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Howard hunts down Latham.

By Tim Grau - posted Thursday, 5 August 2004

While speculation has been rife about possible election dates as pundits try to read the Prime Minister’s mind, it’s the changing mood of the electorate that provides a greater insight into when the election will be held and the likely outcome.

An analysis of voters' attitudes about key issues and which party is best to handle them reveals the Howard government’s fight back is working and Labor’s rise under Latham appears to have stalled.

The most recent Newspolls published in The Australian show a significant shift in voters’ attitudes to the Howard government and its management of key issues.


In March 2004, these polls revealed the government was well behind the new-look Labor Opposition on the issues that voters thought were most important.

By June, while the Coalition still trails Labor on many key issues the Howard government has made significant improvements across the board.

Most notably, the government’s position in these regards has dramatically improved since October 2003.

The key issues for voters still remain health, medicare, education, welfare and social issues. Leadership and national security are the other two key issues for voters.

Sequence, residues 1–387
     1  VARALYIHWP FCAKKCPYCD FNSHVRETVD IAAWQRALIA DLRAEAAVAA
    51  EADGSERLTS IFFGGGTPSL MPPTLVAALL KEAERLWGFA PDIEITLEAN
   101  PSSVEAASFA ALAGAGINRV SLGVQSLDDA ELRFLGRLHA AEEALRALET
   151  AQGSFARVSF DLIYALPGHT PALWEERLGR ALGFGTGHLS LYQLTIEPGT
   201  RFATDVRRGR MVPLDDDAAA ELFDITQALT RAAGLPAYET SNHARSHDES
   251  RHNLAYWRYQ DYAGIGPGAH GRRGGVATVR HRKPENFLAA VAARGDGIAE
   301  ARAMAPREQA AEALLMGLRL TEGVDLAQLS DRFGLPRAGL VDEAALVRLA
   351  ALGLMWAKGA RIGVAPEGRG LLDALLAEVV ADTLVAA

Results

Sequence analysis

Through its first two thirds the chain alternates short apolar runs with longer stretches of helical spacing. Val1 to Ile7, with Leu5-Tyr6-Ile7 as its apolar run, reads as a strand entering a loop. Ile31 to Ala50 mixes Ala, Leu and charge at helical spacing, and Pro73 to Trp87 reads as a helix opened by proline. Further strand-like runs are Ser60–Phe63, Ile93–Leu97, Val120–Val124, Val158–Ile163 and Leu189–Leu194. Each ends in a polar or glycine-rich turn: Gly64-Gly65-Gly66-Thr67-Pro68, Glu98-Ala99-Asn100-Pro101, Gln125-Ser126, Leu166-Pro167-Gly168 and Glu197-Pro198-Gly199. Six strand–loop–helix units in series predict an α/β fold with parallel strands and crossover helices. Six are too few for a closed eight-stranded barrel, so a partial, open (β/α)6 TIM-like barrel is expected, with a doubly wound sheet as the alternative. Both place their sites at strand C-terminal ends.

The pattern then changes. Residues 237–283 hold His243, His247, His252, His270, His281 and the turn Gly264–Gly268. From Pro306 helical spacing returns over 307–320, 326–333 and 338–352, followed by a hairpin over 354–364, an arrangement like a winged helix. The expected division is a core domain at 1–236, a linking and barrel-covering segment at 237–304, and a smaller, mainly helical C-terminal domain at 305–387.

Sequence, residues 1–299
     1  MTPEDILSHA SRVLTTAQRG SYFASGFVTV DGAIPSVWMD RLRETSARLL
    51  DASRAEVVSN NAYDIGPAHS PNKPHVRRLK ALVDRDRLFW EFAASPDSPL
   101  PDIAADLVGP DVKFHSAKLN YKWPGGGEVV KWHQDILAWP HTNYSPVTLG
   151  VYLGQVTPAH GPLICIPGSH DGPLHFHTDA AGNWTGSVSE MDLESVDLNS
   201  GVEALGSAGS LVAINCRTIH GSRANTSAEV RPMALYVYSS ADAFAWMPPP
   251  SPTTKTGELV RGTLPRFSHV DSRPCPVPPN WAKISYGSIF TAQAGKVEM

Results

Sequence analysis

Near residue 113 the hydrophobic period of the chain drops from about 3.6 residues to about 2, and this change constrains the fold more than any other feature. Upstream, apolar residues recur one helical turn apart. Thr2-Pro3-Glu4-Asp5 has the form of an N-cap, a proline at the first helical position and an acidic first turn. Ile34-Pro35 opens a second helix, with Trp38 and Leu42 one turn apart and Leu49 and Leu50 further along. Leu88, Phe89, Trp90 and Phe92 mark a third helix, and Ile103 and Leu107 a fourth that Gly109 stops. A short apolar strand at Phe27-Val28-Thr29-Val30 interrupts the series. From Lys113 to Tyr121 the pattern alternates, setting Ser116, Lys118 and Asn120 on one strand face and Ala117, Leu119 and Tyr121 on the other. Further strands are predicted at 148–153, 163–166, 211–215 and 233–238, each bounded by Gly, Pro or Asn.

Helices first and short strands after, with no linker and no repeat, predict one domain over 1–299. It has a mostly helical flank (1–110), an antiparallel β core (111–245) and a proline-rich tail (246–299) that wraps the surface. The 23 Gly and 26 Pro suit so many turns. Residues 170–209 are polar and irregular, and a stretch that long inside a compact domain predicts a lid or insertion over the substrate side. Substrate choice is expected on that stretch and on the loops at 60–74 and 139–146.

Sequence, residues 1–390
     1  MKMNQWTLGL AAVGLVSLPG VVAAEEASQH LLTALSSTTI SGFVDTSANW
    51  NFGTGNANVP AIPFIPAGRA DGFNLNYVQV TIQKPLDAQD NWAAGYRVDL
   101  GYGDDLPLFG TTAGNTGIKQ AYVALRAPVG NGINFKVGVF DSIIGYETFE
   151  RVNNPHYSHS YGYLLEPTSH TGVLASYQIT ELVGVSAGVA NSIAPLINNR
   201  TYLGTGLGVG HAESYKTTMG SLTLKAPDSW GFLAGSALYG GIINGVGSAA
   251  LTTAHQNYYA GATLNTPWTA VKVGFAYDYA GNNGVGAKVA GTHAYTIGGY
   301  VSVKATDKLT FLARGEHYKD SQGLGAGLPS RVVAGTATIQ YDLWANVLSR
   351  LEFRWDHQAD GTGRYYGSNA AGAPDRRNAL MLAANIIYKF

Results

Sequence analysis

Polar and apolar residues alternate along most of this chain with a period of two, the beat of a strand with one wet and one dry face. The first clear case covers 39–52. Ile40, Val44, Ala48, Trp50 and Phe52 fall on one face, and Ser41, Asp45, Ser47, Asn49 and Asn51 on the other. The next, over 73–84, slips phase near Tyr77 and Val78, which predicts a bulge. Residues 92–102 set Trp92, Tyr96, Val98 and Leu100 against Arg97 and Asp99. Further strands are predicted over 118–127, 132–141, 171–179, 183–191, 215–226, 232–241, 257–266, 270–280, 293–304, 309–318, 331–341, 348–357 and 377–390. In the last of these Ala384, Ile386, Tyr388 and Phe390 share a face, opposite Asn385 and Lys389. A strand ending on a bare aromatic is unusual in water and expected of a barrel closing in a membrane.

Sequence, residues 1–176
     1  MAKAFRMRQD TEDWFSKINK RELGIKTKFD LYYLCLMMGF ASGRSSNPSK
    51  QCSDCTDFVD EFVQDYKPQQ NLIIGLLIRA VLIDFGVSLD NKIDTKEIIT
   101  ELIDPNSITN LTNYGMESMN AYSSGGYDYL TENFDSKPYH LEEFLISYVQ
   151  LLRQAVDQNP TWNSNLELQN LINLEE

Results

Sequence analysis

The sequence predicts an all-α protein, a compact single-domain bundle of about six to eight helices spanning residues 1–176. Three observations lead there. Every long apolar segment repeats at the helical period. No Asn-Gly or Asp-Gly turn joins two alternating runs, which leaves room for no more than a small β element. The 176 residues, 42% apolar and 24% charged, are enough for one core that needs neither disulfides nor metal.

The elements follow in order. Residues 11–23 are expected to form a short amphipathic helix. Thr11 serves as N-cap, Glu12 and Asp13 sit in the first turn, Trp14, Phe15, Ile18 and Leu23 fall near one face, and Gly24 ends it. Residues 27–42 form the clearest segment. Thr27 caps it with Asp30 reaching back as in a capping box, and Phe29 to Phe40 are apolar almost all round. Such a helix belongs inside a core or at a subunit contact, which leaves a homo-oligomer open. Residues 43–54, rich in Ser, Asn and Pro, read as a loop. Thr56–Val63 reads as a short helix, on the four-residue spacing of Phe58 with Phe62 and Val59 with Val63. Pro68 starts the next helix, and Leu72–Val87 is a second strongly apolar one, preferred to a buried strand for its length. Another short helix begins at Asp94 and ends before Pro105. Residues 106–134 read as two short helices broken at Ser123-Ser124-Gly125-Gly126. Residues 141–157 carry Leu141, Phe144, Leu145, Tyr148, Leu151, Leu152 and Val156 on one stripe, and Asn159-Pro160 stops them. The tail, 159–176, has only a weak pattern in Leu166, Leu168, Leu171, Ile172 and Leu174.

On all these issues when voters are asked who is best to handle them, voters are in increasing numbers saying the government is.

In the area of health and medicare, for example, the government has improved its rating by one third.


Sure, it still trails the Opposition as the best party to handle the issue but between October 2003 and June 2004 the percentage of voters willing to nominate the government as best to handle health and medicare has risen from 27 percent to 36 percent – a nine per cent increase – and within striking distance of the Labor Opposition stuck on 42 percent. The same percentage it received in October.

In education, similarly, the government has significantly improved its position – up from 28 per cent to 33 per cent between October and June.

On welfare and social issues, the government has improved from 25 per cent to 29 per cent. On family issues, unemployment, tax, defence industrial relations and interest rates the government has improved its rating between October 2003 and June 2004.

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About the Author

Tim Grau is a one-time adviser to former Queensland Labor premier Wayne Goss and ex-federal attorney-general Michael Lavarch. He is the founding director of the public affairs firm, Springboard Australia.

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